2006: Growing season ‘The growing cycle in Spring started under drier conditions than the previous year, followed by a rather warm summer with average temperatures in the mid 30s° C. As the season progressed it started to show similarities to the very hot 2003, with sugar levels shooting up. However, the crucial difference was that night temperatures went down as much as 10° C, allowing the plants to rest and retaining good acidity levels. During September some rain fell, but not enough to harm the grapes. Although high sugar levels resulted in alcohol regularly approached 14% and more, there is good balance with ripe tannins and good acidity. It is certainly a vintage with great cellaring potential,’ (La Porta di Vertine 2007 vintage report from its website, 23 Dec 2013).
2005: Growing season ‘A vintage  that would go down in history as a challenging one, with an overall cool season and abundant rains in August, as well as regular precipitation in September and early October. This caused for delay in ripening, which could only be offset by intensive canopy management and green harvesting. The wet season caused for heightened mould pressure, which quality conscious producers tried to counteract opening the canopy, as well as severe fruit selection. In many cases this meant that volume went down with as much as 30%. September showed some hot weather. Still, many wines would show green unripe tannins with sometimes cooked fruit flavours, the result of prolonging bunch hang time in the vineyard in an effort to achieve more balance in the grapes. However, it is certainly not a vintage to write off, and some very good Riservas were produced, the result of a severe selection, whereas others chose to not produce a Riserva at all and using the fruit to upgrade their straight Chianti Classico,’ (La Porta di Vertine 2007 vintage report from its website, 23 Dec 2013).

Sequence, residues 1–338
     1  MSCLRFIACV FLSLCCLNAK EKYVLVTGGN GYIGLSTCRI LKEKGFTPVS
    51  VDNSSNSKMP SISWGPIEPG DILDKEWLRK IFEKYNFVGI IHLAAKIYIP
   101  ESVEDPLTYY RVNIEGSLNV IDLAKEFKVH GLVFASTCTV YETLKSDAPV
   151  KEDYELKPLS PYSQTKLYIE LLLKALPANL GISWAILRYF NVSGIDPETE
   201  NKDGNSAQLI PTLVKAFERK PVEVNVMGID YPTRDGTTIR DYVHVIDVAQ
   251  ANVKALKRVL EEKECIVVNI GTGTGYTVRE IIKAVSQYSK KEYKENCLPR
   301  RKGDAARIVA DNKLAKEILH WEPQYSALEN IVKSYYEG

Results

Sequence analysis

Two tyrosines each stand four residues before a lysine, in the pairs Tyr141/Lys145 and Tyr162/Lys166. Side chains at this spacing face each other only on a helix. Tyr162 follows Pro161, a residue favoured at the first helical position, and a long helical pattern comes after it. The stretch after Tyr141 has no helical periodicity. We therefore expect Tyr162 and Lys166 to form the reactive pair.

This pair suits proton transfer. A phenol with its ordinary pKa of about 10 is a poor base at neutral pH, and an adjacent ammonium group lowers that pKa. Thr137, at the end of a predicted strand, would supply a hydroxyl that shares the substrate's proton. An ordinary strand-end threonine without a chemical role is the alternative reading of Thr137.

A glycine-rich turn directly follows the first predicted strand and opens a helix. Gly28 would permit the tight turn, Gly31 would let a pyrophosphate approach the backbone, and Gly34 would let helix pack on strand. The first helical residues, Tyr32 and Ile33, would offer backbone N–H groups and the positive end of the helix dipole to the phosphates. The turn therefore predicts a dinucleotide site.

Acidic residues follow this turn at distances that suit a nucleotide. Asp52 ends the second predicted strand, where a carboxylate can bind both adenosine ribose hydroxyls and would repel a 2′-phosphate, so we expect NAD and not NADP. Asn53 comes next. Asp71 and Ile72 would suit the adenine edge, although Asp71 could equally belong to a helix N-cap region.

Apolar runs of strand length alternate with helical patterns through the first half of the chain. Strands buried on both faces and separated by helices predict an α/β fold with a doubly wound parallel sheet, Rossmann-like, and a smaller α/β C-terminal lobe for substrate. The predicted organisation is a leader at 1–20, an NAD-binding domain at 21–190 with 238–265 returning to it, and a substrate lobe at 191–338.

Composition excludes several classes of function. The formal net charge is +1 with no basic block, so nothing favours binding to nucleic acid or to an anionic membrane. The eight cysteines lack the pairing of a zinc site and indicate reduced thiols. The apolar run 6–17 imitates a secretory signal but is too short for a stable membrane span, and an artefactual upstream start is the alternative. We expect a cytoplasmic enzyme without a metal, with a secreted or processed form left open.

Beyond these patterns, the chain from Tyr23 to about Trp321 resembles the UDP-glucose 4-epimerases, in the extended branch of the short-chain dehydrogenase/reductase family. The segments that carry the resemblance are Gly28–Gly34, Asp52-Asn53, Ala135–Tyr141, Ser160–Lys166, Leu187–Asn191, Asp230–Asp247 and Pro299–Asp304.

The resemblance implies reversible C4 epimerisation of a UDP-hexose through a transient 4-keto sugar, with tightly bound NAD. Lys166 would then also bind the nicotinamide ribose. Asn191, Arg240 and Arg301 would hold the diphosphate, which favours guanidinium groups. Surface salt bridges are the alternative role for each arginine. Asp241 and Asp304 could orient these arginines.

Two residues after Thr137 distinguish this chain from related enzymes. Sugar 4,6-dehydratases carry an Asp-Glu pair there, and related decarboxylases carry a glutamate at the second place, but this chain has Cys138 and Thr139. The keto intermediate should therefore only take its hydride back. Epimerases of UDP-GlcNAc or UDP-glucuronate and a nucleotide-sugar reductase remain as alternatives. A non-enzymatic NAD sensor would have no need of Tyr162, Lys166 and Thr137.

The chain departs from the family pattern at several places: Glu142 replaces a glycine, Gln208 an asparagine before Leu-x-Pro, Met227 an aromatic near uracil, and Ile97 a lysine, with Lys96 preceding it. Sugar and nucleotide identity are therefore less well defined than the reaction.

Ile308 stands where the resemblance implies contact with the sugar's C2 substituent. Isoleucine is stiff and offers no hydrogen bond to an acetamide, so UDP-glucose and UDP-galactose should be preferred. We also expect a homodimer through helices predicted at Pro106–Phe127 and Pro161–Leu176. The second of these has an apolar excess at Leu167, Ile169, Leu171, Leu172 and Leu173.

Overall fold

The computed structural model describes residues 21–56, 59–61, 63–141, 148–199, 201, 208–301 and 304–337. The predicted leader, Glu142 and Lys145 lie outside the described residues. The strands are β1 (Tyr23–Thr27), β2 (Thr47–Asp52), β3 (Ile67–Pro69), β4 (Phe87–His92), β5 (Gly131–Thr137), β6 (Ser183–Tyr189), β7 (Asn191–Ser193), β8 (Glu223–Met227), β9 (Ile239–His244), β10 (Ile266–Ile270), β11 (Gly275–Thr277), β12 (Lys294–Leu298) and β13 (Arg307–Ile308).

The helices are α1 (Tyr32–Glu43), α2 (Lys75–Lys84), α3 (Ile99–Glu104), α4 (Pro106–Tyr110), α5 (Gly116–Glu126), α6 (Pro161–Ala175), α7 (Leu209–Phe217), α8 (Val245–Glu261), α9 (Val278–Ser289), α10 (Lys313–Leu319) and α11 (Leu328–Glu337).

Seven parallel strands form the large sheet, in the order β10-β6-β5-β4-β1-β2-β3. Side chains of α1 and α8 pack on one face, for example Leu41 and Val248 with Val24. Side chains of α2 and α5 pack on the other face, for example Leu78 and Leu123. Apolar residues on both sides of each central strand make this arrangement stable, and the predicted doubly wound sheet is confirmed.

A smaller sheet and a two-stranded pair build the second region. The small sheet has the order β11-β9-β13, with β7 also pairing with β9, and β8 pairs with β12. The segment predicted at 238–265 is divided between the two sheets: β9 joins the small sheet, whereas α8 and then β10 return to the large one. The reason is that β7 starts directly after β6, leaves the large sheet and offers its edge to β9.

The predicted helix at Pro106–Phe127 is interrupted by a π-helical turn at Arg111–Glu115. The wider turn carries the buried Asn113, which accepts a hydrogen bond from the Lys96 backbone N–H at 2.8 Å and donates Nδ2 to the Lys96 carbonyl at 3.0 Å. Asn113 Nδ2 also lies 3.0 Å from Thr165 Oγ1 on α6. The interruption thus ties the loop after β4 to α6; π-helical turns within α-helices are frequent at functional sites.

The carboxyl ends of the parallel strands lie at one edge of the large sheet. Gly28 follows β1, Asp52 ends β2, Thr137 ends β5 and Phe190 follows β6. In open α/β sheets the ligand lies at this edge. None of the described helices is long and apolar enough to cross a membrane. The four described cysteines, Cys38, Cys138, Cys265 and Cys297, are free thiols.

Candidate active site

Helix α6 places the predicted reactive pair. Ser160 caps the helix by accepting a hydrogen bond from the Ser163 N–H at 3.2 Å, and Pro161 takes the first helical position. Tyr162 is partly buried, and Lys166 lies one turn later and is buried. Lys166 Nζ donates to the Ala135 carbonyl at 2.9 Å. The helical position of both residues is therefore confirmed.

2005: Wine style Lighter than usual wines. An average vintage, sandwiched between two exceptional ones in 2004 and 2006.
2004: Growing season ‘After the very hot 2003, 2004 seemed positively more regular. After a cool spring, which delayed budbreak and flowering, there were some substantial rains in May, which appeared to be a blessing from the sky as water reserves were replenished for what turned out to be a dry summer. September’s weather was one anyone would wish for with warm days and cooler nights with grapes maturing evenly while retaining acidity. A delayed harvest was envisaged and didn’t start before the end of September, in some instances even later, well into October. The resulting wines show fairly high levels of alcohol, but with enough substance and a ripe acidic core with lots of extract. The Consorzio of Chianti Classico initially gave it a four star rating out of five, but while the wines age this seems more and more a conservative assessment,’ (La Porta di Vertine 2007 vintage report from its website, 23 Dec 2013).
2003: Growing season Good vintage, balanced wines.
2000: Growing season ‘A tricky vintage’ (Gambero Rosso: 2003, p.571). ‘A not very extraordinary year,’ (Gambero Rosso: 2003, p.560).
1999: Growing season Drought conditions.
1998: Growing season Drought conditions. ‘A far from excellent year,’ (Gambero Rosso: 2003, p.553)
1997: Growing season Hot summer.
1988: Growing season See David Gleave (1989, p.103).
1987: Growing season See David Gleave (1989, p.103).
1986: Growing season See David Gleave (1989, p.103).
1985: Growing season See David Gleave (1989, p.103).
1984: Growing season See David Gleave (1989, p.103).
1983: Growing season See David Gleave (1989, p.103).).
1982: Growing season See David Gleave (1989, p.103).
1981: Growing season See David Gleave (1989, p.103).
1980: Growing season See David Gleave Gleave (1989, p.103).
1978: Growing season See David Gleave (Gleave (1989, p.103).
1978: Growing season See David Gleave (1989, p.103).
1977: Growing season See David Gleave (1989, p.103).
Bill Nesto MW & Frances Di Savino, Chianti Classico, the Search for Tuscany’s Noblest Wine, (University of California Press, 2016).
David Gleave, ‘The Wines of Italy‘ (Salamander Books, London, 1989).
Dr Ian D’Agata, Tuscany Part 1: Chianti, Vino Nobile and Supertuscans (Sep 2014) | Vinous.
Richard Baudains, ‘Sleepy? Never,’ Decanter Italy Supplement 2016, p.59.
Susan Hulme MW, ‘Chianti Classico 2013 & 2014: top tiers’ Decanter May 2018.
Walter Speller, ‘Chianti Classico 2013, and then some’, www.jancisrobinson.com 07 April 2015.
Walter Speller, ‘Chianti Classico Riserva’s struggle,’ www.jancisrobinson.com 07 April 2016.